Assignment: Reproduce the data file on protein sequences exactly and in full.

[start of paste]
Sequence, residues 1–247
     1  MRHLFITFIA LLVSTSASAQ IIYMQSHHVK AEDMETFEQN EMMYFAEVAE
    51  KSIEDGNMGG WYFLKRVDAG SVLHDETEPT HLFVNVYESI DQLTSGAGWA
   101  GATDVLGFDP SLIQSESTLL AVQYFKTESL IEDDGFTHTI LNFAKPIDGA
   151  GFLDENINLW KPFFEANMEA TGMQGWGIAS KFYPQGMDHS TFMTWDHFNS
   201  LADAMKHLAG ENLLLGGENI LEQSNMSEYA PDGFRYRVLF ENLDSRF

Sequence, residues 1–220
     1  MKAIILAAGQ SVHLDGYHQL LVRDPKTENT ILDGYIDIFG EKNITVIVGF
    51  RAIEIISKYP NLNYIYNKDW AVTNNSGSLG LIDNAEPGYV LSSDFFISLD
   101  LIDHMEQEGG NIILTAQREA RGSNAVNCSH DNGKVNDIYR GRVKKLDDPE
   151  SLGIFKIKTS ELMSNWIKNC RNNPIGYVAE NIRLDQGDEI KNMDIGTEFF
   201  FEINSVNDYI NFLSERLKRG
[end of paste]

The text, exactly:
Sequence, residues 1–247
     1  MRHLFITFIA LLVSTSASAQ IIYMQSHHVK AEDMETFEQN EMMYFAEVAE
    51  KSIEDGNMGG WYFLKRVDAG SVLHDETEPT HLFVNVYESI DQLTSGAGWA
   101  GATDVLGFDP SLIQSESTLL AVQYFKTESL IEDDGFTHTI LNFAKPIDGA
   151  GFLDENINLW KPFFEANMEA TGMQGWGIAS KFYPQGMDHS TFMTWDHFNS
   201  LADAMKHLAG ENLLLGGENI LEQSNMSEYA PDGFRYRVLF ENLDSRF

Sequence, residues 1–220
     1  MKAIILAAGQ SVHLDGYHQL LVRDPKTENT ILDGYIDIFG EKNITVIVGF
    51  RAIEIISKYP NLNYIYNKDW AVTNNSGSLG LIDNAEPGYV LSSDFFISLD
   101  LIDHMEQEGG NIILTAQREA RGSNAVNCSH DNGKVNDIYR GRVKKLDDPE
   151  SLGIFKIKTS ELMSNWIKNC RNNPIGYVAE NIRLDQGDEI KNMDIGTEFF
   201  FEINSVNDYI NFLSERLKRG